The SAMI Galaxy Survey: Asymmetry in gas kinematics and its links to stellar mass and star formation

Jessica V. Bloom, Lisa M R Fogarty, S. M. Croom, A. Schaefer, J. J. Bryant, L. Cortese, S. Richards, J. Bland-Hawthorn, I. Ting Ho, Nivcholas Scott, Gregory Goldstein, Anne M. Medling, S. Brough, Sarah M. Sweet, Gerald Cecil, A. López-Sánchez, K. Glazebrook, Q.A. Parker, J. T. Allen, M. GoodwinA. W. Green, Iraklis S. Konstantopoulos, J. S. Lawrence, N.P.F. Lorente, Matt S. Owers, R. Sharp

Research output: Contribution to journalArticlepeer-review

16 Citations (Scopus)


We study the properties of kinematically disturbed galaxies in the Sydney-AAO Multi-object Integral field spectrograph (SAMI) Galaxy Survey using a quantitative criterion, based on kinemetry (Krajnović et al.). The approach, similar to the application of kinemetry by Shapiro et al., uses ionized gas kinematics, probed by Ha emission. By this method, 23 ± 7 per cent of our 360-galaxy sub-sample of the SAMI Galaxy Survey are kinematically asymmetric. Visual classifications agree with our kinemetric results for 90 per cent of asymmetric and 95 per cent of normal galaxies.We find that stellar mass and kinematic asymmetry are inversely correlated and that kinematic asymmetry is both more frequent and stronger in low-mass galaxies. This builds on previous studies that found high fractions of kinematic asymmetry in low-mass galaxies using a variety of different methods. Concentration of star formation and kinematic disturbance are found to be correlated, confirming results found in previous work. This effect is stronger for high-mass galaxies (log(M*) > 10) and indicates that kinematic disturbance is linked to centrally concentrated star formation. Comparison of the inner (within 0.5Re) and outer Ha equivalent widths of asymmetric and normal galaxies shows a small but significant increase in inner equivalent width for asymmetric galaxies.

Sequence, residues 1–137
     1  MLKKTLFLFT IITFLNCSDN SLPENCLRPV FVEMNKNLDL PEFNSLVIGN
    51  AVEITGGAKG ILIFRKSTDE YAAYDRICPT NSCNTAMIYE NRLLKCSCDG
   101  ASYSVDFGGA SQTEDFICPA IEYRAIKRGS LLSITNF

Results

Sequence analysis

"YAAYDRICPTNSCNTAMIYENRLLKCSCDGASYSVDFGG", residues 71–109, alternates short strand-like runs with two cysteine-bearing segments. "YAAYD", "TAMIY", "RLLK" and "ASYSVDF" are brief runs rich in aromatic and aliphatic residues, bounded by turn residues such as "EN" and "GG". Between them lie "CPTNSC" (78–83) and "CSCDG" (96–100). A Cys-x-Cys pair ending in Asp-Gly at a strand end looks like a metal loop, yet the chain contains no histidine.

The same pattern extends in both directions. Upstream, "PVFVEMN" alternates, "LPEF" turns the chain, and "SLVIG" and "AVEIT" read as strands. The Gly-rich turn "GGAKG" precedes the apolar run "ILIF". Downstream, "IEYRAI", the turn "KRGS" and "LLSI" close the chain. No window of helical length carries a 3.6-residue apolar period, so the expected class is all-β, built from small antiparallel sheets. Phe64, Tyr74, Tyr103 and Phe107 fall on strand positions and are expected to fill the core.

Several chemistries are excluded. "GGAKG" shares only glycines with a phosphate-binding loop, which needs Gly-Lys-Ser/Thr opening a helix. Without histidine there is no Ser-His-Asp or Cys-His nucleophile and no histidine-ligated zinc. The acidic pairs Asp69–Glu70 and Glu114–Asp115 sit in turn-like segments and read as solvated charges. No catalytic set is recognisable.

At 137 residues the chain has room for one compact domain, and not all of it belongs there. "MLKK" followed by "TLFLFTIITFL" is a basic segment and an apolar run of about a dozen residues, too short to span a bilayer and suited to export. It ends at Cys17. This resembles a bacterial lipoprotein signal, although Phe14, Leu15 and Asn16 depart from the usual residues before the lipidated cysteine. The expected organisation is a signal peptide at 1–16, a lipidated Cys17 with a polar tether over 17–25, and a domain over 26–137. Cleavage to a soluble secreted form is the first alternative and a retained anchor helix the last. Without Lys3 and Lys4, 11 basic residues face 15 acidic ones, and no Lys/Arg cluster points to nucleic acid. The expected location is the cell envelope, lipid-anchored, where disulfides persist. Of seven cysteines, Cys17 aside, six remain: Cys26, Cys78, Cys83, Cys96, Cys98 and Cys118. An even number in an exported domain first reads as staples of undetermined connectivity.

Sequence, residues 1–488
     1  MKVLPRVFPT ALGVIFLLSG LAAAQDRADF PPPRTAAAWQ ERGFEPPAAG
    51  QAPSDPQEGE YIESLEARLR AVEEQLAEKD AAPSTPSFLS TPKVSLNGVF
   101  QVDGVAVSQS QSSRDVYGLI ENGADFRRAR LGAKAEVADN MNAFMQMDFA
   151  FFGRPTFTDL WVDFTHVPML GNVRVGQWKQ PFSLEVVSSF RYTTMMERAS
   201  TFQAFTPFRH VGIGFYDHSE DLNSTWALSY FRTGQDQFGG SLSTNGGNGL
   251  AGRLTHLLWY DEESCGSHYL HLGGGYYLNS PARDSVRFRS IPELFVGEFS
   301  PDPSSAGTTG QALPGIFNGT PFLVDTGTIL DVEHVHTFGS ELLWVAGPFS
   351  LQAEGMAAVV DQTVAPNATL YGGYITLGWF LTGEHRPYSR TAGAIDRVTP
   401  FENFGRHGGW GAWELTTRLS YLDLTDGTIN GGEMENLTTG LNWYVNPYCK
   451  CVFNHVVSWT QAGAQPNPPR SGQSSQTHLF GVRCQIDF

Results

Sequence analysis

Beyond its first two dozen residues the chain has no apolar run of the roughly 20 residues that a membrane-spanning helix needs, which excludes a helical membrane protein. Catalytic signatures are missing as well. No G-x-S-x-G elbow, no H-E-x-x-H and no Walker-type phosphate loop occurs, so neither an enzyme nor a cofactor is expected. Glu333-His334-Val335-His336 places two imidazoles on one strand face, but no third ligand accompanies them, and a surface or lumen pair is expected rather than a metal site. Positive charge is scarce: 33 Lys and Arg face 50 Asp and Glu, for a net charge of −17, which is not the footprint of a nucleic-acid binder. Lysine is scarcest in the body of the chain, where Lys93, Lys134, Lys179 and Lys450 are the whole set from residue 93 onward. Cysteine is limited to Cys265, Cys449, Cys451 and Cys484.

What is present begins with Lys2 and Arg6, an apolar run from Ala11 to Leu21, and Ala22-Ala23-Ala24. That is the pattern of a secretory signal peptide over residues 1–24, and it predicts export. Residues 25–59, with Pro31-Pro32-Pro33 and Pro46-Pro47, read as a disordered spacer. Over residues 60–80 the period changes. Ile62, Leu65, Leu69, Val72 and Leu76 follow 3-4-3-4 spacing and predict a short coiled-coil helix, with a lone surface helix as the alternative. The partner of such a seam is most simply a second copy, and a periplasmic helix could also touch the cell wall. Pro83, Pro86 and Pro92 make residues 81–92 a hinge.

Original languageEnglish
Pages (from-to)123-148
Number of pages26
JournalMonthly Notices of the Royal Astronomical Society
Issue number1
Publication statusPublished - 11 Feb 2017


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